In vitro – Bioreactor Concentrated Supernatant

The bioreactor system is an excellent animal-free alternative for custom bulk antibody production. One bioreactor flask can produce as much antibody as ascites from 10 to 12 mice. In addition, monoclonal antibody production in bioreactors contains no contaminating host mouse immunoglobulin.

Step 1: Receipt and Expansion
Materials needed from client for custom bioreactor production: 1 x 106 – 1 x 107 hybridoma cells, viable, shipped on dry ice. Upon receipt, the cell line is transferred to a quarantine area where it is grown in culture, tested for mycoplasma and expanded to generate cells ready for inoculation.
1 week
Step 2: Inoculation
The membrane compartment is inoculated with 20 to 50 million cells, depending on the size of bioreactor, and incubated for a week.
1 week
Step 3: Production Harvest
Concentrated cell culture rich with antibodies is harvested twice per week after proper cell density is established.
7 weeks
Step 4: Filtration
The cells are removed from the harvest by centrifugation and filtration and the antibody-containing supernatant is ready for use or for purification.
IPA offers bioreactor production in 1000mL sized flasks.
Specific mAb concentration will range from 0.2 –1mg/mL depending on the cell line.
Approximately
9 weeks

In vivo – Ascites fluid

Ascites fluid is often an ideal medium for the reliable production of custom monoclonal antibodies. Clients can take advantage of IPA’s full range of small and large scale custom ascites production services in diverse mouse and rat strains. Traditionally, ascites fluid containing antibody is tapped from each mouse up to three times.

Step 1: Receipt and Expansion
Materials needed from client for custom ascites production: 5 x 106 hybridoma cells, viable, shipped on dry ice. Upon receipt, the cell line is transferred to a quarantine area where it is grown in culture, tested for mycoplasma and expanded to create cells ready for inoculation.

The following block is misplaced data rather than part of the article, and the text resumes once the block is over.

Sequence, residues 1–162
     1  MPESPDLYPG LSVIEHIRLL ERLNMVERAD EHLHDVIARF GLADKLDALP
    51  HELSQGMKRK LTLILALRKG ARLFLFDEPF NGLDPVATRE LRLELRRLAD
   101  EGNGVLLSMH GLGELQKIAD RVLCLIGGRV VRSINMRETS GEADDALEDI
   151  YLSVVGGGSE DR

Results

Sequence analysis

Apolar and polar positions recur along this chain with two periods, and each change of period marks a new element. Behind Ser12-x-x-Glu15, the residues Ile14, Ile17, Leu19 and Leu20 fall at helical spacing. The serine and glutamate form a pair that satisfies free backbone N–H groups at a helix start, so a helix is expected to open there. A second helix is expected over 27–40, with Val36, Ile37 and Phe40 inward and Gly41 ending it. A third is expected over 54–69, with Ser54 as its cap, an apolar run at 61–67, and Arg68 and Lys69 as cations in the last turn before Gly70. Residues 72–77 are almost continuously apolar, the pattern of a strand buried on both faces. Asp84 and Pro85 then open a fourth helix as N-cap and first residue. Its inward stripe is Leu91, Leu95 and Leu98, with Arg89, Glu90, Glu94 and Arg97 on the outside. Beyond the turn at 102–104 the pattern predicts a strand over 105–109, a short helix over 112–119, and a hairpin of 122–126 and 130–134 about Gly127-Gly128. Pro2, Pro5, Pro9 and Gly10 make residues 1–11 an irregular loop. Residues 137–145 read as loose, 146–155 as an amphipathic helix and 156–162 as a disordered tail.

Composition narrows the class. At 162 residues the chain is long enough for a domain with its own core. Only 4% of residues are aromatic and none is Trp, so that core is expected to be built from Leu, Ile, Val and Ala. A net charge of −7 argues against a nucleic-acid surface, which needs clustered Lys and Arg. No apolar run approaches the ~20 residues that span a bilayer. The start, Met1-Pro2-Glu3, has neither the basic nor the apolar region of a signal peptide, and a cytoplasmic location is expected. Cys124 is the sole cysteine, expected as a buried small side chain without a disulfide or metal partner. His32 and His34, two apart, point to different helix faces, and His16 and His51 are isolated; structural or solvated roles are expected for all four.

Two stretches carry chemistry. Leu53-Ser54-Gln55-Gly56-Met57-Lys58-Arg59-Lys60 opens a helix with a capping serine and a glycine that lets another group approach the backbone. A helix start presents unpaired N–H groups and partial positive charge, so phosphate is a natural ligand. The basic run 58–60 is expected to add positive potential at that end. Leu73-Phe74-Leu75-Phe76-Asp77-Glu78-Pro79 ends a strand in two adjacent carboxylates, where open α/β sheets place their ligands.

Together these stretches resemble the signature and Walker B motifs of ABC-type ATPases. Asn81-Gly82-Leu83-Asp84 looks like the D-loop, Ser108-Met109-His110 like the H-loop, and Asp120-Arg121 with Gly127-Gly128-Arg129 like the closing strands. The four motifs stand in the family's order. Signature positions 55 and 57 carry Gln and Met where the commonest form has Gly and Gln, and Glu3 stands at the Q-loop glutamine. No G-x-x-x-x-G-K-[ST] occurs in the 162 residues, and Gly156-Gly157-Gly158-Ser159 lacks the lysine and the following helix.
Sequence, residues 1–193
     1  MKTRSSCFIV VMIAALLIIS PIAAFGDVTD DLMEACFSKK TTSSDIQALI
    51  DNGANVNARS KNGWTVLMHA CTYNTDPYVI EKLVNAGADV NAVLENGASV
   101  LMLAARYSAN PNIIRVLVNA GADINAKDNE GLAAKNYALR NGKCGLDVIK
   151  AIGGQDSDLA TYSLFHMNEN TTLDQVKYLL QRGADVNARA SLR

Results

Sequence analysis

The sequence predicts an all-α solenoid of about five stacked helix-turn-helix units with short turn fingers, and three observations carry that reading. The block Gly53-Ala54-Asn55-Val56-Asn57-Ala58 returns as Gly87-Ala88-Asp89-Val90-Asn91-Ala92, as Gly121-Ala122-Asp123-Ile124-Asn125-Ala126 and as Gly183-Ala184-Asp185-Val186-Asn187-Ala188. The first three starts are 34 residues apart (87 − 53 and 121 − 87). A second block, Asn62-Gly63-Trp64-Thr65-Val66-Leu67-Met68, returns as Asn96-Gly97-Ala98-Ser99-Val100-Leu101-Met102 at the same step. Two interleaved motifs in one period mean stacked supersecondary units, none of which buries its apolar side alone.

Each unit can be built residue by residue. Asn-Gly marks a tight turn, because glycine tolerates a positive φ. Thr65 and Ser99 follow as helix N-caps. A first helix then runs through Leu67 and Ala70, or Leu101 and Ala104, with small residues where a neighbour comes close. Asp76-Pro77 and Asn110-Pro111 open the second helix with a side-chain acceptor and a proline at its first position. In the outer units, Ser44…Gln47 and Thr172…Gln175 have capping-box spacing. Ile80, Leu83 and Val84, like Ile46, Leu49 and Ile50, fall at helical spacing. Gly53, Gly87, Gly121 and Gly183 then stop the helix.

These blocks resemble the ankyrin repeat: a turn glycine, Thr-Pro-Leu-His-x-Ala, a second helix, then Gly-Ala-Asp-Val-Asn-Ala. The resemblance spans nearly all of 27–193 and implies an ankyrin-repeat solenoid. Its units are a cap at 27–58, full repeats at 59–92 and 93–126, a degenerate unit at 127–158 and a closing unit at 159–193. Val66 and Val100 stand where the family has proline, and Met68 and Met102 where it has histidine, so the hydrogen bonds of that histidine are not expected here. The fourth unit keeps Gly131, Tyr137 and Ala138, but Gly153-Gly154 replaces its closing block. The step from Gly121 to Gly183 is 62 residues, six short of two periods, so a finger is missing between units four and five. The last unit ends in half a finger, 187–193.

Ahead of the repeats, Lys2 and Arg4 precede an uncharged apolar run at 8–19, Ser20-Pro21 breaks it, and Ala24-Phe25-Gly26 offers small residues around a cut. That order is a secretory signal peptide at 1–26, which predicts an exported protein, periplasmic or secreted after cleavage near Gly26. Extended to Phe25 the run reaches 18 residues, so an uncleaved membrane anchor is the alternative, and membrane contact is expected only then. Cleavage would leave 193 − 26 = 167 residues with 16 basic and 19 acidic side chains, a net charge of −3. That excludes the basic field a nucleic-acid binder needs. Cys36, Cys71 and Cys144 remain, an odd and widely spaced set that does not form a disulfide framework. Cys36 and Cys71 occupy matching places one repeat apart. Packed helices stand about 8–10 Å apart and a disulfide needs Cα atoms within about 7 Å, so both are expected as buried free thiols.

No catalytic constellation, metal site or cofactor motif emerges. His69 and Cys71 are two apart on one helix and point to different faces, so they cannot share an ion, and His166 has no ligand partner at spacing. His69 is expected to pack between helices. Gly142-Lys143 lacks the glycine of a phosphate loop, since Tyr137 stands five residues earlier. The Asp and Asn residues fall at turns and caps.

1 week
Step 2: Inoculation
Monoclonal antibodies are produced in bulk by implanting hybridoma cells into the peritoneal cavity of a primed mouse. Custom ascites production is initiated under GMP guidelines.
1 week
Step 3: Production Harvest
Ascites is collected from the mouse abdominal cavities and held on wet ice. It is then centrifuged to remove cellular and lipid material and filtered to clarify. The clarified ascites is placed into sterile containers, labeled, and immediately frozen.
5 weeks
Yield:
5 mice typically provide 20mL on average, with specific antibody concentration ranging from 1mg/mL to 10mg/mL.
Approximately
7 weeks

What are the advantages and disadvantages between Bioreactor generated antibody and Ascites generated antibody?

Generation Method Advantages Disadvantages

In vitro – Bioreactor

Low variation in quality between batches of antibody Lower level of specific antibody – Range: 0.2 – 1mg/mL
No contamination with murine pathogens Bioreactors are more costly than mice and labour intensive
Absence of contaminating host mouse IgGs Use of fetal bovine serum in media
Can produce large volumes in weeks Potential for change in DNA in the hybridoma. Prolonged culture of hybridoma cell line not recommended
100% monoclonal in a well defined media Bioreactor flasks can become easily contaminated with improper care

In vivo – Ascites

High level of specific antibody – Range: 1 – 20 mg/mL Animal welfare concerns
Relatively low costs of production and not labour intensive Variability in the capacity of hybridomas to elicit ascites
Most (but not all) hybridoma cell lines grow after intraperitoneal administration Potential for change of DNA in the hybridoma
Contamination with host mouse immunoglobulin  (10-20%)

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